{19} Similarly, Defendant did not make a timely objection concerning his entitlement to a probation revocation hearing before being incarcerated or terminated from the program. Judge Clinton incarcerated Defendant on November 30, 2004 for four days and again on December 7, 2004, when she terminated Defendant from the program and sentenced him on the telephone harassment charge. She corrected her order on December 13, 2004 to state that she remanded Defendant to jail, but set aside sentencing. Defendant appeared with his attorney on December 13, 2004, but did not argue that he had not violated the no contact order or raise the argument that he makes on appeal that he was not afforded due process rights that attach to probation revocation or otherwise. Defendant raised the issue before sentencing by Judge Grant. He filed a motion to vacate sentencing and argued the issue to Judge Grant.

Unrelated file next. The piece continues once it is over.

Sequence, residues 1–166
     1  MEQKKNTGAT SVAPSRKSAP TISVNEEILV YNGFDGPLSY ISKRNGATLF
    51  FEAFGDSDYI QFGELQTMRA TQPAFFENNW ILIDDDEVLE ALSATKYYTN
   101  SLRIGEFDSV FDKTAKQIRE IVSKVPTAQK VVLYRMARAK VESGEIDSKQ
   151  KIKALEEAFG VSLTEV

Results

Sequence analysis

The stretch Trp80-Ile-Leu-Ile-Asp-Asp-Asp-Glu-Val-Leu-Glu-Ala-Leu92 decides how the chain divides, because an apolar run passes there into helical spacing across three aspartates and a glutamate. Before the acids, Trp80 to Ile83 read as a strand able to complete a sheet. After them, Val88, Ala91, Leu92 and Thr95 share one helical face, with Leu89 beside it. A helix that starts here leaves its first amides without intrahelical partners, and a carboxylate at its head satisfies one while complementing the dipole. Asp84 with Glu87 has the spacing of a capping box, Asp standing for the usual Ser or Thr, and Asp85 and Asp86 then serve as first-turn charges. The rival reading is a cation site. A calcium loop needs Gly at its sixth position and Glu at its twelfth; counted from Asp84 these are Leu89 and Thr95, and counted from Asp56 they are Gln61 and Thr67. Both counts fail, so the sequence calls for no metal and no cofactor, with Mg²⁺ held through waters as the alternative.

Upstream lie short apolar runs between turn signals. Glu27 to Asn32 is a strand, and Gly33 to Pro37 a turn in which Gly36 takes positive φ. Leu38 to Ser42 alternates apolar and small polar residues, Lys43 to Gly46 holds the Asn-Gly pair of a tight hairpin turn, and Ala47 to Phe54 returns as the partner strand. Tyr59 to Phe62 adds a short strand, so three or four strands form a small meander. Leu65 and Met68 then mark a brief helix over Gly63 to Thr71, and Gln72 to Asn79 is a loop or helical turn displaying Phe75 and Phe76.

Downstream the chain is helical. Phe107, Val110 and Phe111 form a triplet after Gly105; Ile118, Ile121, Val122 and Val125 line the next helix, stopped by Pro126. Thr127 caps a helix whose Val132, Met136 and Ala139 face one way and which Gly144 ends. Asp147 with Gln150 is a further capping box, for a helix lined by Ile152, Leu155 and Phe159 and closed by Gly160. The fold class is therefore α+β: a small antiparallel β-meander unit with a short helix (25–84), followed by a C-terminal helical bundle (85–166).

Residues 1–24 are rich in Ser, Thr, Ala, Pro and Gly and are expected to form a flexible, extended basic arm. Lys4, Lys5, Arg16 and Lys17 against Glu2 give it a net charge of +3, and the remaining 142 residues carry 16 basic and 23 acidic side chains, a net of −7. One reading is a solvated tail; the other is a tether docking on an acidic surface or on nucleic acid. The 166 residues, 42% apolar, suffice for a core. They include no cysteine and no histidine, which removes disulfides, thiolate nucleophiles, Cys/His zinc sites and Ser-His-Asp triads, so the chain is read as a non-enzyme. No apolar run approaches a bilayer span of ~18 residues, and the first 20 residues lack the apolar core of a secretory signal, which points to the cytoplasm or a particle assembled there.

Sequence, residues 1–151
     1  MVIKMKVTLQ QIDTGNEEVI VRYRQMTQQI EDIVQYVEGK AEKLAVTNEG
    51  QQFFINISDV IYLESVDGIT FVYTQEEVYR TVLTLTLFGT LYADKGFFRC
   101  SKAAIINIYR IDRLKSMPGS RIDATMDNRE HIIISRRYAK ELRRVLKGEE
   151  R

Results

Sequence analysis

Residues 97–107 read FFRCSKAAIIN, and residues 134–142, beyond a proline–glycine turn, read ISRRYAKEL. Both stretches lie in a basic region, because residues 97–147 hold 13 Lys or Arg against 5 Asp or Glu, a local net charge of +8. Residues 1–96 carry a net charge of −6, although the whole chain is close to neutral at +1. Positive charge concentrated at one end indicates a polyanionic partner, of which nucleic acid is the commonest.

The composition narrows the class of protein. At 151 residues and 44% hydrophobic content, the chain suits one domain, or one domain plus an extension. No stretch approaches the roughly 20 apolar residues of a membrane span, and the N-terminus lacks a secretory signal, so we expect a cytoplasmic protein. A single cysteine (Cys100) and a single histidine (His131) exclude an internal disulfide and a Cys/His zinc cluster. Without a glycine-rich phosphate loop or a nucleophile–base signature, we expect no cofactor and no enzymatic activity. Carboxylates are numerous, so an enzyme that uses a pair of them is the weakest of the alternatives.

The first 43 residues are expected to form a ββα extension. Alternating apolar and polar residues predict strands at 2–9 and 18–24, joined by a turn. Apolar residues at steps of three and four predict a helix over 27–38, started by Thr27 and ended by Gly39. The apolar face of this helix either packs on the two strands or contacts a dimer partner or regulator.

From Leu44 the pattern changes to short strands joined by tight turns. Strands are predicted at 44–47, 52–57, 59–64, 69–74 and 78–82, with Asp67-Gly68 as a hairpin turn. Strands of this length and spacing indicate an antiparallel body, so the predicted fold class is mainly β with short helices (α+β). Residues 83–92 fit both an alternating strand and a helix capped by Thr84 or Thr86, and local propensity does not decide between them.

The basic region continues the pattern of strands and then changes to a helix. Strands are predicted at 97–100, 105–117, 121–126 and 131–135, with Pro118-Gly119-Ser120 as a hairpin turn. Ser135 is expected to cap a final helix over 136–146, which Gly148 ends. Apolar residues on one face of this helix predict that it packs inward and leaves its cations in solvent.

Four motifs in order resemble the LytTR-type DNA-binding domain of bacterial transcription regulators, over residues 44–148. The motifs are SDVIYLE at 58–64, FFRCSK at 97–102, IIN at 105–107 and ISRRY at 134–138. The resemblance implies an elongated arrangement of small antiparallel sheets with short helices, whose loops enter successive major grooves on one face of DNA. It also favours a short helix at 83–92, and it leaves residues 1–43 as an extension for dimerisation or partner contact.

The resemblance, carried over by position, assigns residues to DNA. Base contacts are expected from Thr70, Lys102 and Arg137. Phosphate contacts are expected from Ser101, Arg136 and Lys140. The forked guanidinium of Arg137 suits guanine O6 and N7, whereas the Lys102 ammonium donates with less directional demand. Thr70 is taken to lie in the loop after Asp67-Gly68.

*625{20} However, Judge Clinton’s ex parte communication with Defendant’s ex-wife pri- or to the November 30, 2004 incarceration clouds our preservation analysis. Defendant argues that all of Judge Clinton’s subsequent actions in incarcerating Defendant and terminating him from the program should be considered void for purposes of review on appeal. While we do not take that view, we believe that the impact of Judge Clinton’s communication requires that we analyze the merits of Defendant’s due process claims along with our preservation review.

{21} Defendant claims that he was entitled to notice and a hearing prior to being incarcerated for violating the no contact order and prior to being terminated from the program. Defendant contends that Judge Clinton essentially revoked his probation by incarcerating and terminating him. According to Defendant, Judge Grant originally placed him on probation and established conditions of probation, entitling him to a probation revocation proceeding for an alleged violation.